Ya Gotta Believe


What does baseball have to do with spirituality?

A number of years ago, during the 50th anniversary of the founding of the New York Mets franchise, I attempted to answer this question at a conference presentation on the campus of Hofstra University.

As we journey into the “dog days of summer” of another baseball season, I revisited this question as I look to connect two important aspects of my own life.

Allow me to offer four attempts at an answer, specifically related to my team, the Mets, but remaining true for all fans.

“Sign Man” reminding us to believe at old Shea.



In 1973, Mets closer Tug McGraw coined the phrase, “Ya Gotta Believe,” as that average team went all the way to Game 7 of the World Series. This mantra, also adopted by the Philadelphia Phillies after McGraw joined the team in 1975, is used often by both clubs. Most of the time, the believing leads to disappointment, but in those rare occasions, believing leads to championships.

In our own lives, we believe in better days. We hope to find answers to our most important of questions. We trust that what we feel in the depth of our heart and soul will one day come to be.

Like a baseball season, there are ups and downs, winning and losing streaks. There are setbacks, challenges, injuries, and frustrations. There are also the good days, the times when it is easier, and when the breaks go your way. The ball lands fair, the borderline pitch is called our way, and the wind blows the Rawlings in our favor.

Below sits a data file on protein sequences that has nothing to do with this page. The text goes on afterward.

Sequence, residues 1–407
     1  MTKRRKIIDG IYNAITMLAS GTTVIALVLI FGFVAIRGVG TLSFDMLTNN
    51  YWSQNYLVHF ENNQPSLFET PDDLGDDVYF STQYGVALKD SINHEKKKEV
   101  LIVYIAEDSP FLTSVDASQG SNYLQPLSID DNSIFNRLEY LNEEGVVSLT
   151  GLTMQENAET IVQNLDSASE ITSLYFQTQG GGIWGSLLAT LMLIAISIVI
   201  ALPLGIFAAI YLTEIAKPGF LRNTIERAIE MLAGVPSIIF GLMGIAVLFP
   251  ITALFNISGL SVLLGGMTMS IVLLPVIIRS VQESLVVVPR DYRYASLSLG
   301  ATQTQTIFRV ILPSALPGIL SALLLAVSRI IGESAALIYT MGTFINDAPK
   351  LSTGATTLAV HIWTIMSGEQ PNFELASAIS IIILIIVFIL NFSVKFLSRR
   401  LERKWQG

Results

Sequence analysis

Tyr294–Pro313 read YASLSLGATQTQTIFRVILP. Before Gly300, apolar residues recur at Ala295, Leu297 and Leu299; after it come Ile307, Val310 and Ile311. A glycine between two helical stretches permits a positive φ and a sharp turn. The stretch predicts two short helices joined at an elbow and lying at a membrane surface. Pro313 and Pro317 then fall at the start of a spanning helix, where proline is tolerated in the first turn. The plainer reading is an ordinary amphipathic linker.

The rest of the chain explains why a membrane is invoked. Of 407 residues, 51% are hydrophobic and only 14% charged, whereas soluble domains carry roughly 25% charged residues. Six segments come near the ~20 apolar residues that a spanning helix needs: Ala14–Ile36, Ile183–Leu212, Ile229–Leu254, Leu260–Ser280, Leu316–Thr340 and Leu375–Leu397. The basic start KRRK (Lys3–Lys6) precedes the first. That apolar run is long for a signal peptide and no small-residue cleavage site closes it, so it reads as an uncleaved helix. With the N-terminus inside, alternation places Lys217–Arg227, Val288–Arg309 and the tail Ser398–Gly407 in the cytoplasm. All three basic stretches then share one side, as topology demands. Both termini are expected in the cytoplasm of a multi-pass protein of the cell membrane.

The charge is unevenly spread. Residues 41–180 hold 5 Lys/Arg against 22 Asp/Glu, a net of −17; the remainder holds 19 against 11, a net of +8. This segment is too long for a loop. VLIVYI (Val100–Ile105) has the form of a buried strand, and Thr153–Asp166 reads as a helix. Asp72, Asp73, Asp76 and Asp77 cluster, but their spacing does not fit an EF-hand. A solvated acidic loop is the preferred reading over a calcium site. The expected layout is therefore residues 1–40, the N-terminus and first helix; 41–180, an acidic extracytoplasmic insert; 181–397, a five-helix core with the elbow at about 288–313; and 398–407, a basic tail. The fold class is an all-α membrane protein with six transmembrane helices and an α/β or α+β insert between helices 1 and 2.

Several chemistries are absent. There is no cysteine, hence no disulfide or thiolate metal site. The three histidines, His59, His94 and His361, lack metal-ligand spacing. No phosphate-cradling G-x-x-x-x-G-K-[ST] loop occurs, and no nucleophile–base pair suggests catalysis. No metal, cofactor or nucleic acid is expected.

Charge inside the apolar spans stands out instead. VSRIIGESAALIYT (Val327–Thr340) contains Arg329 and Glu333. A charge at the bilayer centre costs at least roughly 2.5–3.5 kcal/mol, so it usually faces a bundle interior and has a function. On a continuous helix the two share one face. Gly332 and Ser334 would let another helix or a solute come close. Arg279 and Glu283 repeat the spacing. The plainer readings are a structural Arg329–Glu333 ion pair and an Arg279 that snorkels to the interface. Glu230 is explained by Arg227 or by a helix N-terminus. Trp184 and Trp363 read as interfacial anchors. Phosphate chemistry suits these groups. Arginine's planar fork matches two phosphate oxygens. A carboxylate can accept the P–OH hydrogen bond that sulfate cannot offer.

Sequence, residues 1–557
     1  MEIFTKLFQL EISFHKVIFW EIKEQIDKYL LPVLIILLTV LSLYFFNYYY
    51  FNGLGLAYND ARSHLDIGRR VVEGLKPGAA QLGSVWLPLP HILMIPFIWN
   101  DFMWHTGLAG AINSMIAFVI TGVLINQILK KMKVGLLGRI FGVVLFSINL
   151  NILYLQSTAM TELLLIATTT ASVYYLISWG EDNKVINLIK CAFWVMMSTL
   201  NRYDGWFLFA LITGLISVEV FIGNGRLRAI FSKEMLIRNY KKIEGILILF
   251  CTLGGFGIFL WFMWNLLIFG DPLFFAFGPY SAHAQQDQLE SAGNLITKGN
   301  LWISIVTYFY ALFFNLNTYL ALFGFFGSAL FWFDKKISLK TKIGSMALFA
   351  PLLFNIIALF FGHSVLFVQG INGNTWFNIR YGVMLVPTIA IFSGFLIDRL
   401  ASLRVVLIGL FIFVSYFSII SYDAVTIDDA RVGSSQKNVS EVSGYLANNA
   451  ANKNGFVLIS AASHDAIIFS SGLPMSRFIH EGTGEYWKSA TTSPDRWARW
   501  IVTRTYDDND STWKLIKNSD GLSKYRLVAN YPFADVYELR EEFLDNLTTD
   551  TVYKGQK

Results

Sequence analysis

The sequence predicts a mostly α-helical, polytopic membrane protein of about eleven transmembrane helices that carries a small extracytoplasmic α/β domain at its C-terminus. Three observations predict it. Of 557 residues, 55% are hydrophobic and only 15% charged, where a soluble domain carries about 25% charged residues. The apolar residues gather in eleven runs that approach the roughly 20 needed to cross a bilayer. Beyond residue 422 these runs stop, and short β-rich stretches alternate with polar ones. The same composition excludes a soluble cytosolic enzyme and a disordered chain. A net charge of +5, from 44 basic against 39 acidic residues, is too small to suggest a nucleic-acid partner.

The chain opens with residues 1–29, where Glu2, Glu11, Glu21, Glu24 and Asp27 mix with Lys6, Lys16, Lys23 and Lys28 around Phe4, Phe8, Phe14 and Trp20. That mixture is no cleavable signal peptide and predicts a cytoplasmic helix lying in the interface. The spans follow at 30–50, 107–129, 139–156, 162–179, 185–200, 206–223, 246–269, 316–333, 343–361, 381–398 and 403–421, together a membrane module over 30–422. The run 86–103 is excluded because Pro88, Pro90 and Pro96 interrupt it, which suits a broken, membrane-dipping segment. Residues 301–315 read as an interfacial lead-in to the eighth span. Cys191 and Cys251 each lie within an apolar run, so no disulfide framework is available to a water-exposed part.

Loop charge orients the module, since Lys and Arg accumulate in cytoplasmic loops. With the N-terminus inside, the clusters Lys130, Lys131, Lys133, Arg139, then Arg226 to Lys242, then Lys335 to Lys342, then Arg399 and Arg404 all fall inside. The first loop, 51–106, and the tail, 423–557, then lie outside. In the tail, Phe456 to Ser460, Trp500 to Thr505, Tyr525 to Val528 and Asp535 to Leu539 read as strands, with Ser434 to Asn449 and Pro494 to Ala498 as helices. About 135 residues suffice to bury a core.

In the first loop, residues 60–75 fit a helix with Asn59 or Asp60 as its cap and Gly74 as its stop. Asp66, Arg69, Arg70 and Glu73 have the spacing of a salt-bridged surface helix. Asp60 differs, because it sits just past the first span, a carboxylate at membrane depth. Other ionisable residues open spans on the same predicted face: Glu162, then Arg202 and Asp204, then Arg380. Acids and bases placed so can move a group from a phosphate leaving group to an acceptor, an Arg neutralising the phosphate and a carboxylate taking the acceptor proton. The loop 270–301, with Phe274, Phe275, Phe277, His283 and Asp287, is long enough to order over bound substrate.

Over the long season of life, like the long baseball season, there is a fundamental hope, a belief, that in the end, we will be at true peace.


Mets Ace Jacob DeGrom has chosen his lane as being a powerful, yet crafty pitcher, winning the Cy Young in 2018.

Choose Your Lane:

In baseball, as in all sports, when an athlete no longer tries to be someone else, and instead plays to their strengths, they are often successful.

It often takes pitchers years to learn how to pitch on the highest of levels, and part of that involves simply being themselves. As Hall of Fame pitcher John Smoltz said, “choose your lane and excel there, do not try to be someone else.”

In life, we may look at the success of others. We may see their gifts and talents and hope to do the same. We too need to stay in our lane. We need to play to our strengths. If we can do this, by being true to the call of our soul, we will not only be successful, we will feel true joy.